How To Watch, Stream & Listen
Rutgers (4-5; 3-3) At #16 Penn State (7-2; 4-2)
Where: Beaver Stadium (capacity 106,572)
Kick-off: Saturday, November 11th at 12:00 p.m. ET
Weather: Cold, with temperatures barely above freezing, low chance of precipitation.
TV: Big Ten Network - Kevin Kugler, Matt Millen, and Lisa Byington
Radio: Rutgers IMG Sports Network with Chris Carlin, Ray Lucas, and Anthony Fucilli - WCTC 1450-AM, WOR 710-AM, WENJ 97.3-FM, WNJE 920-AM
Current Spread: Penn State -31
Series History: Penn State leads 25-2 all-time, including the last three meetings as Big Ten members.
SB Nation Penn State site: Black Shoe Diaries
Penn State Statistical Leaders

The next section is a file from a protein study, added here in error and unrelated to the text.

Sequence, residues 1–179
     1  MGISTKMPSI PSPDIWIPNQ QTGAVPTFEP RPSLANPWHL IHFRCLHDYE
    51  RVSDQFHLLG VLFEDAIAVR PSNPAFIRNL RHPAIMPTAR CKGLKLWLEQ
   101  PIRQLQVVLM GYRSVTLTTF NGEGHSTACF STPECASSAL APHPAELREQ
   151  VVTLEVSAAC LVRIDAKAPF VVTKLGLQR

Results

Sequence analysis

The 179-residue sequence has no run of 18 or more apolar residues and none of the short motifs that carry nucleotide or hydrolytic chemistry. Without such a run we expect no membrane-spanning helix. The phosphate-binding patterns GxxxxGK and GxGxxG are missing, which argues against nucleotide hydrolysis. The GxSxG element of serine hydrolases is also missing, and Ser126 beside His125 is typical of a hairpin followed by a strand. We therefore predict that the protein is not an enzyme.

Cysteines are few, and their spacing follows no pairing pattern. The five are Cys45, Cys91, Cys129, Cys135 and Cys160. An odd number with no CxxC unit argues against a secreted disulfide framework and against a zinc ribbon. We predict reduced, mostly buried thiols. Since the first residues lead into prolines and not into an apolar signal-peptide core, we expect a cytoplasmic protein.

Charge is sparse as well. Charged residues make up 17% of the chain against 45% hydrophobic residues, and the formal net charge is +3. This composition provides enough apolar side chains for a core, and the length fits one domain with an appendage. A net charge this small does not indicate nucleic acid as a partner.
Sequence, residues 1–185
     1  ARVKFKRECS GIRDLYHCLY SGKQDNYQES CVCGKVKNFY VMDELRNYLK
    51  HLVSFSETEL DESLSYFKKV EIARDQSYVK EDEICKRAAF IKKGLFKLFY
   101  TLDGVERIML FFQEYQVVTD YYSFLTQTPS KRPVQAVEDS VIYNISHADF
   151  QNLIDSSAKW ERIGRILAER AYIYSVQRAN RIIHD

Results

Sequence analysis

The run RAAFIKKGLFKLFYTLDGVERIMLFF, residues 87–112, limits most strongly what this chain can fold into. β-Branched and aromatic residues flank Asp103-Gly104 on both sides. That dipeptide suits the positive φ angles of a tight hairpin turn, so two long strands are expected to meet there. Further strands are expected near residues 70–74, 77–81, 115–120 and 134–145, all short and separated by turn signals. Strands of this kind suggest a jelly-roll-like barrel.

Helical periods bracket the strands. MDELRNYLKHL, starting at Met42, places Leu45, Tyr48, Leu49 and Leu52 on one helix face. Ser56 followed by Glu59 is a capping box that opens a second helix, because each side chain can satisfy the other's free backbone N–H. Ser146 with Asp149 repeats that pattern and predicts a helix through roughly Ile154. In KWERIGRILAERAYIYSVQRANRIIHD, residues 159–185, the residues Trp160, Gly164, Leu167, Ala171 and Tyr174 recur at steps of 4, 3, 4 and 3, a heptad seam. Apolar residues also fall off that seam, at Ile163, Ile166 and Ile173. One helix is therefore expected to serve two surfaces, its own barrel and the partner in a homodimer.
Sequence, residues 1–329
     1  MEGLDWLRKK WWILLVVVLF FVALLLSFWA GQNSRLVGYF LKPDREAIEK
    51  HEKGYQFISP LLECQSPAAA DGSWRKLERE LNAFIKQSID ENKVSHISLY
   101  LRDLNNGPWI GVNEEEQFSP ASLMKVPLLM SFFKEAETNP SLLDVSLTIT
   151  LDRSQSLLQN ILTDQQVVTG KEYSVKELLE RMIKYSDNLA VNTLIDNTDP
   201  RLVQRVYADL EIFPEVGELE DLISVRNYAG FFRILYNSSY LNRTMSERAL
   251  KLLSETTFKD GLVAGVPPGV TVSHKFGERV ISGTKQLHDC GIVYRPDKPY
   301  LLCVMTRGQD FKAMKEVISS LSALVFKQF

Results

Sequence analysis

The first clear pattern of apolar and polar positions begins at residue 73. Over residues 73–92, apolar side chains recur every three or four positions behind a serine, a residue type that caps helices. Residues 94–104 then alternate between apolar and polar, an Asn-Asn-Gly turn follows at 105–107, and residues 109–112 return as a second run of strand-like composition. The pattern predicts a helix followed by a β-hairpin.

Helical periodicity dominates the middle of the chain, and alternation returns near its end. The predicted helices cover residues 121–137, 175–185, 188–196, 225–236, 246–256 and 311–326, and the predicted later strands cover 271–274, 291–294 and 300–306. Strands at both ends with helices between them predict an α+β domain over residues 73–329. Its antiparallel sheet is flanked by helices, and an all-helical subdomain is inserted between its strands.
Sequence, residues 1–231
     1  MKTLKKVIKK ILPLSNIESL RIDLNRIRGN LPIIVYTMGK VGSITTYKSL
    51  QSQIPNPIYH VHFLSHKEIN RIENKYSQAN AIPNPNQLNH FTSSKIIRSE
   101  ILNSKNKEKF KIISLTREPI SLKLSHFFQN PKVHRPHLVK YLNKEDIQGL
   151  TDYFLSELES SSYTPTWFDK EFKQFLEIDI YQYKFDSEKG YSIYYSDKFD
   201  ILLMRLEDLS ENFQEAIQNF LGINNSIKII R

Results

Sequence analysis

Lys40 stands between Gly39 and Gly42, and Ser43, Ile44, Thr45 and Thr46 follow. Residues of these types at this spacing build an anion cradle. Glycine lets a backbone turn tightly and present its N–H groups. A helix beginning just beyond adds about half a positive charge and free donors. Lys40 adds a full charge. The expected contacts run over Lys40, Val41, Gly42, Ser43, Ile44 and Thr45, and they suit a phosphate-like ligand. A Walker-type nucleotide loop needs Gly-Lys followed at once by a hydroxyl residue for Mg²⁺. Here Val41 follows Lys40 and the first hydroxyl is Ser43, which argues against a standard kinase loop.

Passing: Trace McSorley - 190 of 296 for 64.2%, 2452 yards, 19 TD, 8 INT; 103 carries, 305 yards, 3.0 ypc, 8 TD
Rushing: Saquon Barkley - 152 carries for 864 yards, 5.7 ypc, 9 TD; Miles Sanders - 12 carries for 88 yards, 7.3 ypc, 1 TD
Receiving: Barkley - 39 receptions for 504 yards, 12.9 ypc, 3 TD; Mike Gesicki - 38 receptions for 374 yards, 4 TD; DaeSean Hamilton - 36 receptions for 606 yards, 6 TD
Defense: LB Jason Cabinda - 64 tackles, 4.5 tackles for a loss, 2 sacks, 1 forced fumble; DB Marcus Allen - 55 tackles, 4 tackles for a loss, 1 INT, 1 sack, 7 passes defended; DB Amani Oruwariye - 20 tackles, 4 INT, 1 forced fumble; DE Shareef Miller - 28 tackles, 4 sacks;
Kicking: Tyler Davis - 44 of 44 PAT, 8 of 15 FG
Penn State Statistical Comparison Versus Rutgers
S&P+ Advanced Stats Profiles: Penn State I Rutgers
Rutgers Advanced Stats Win Probability - 13% (per Football Study Hall)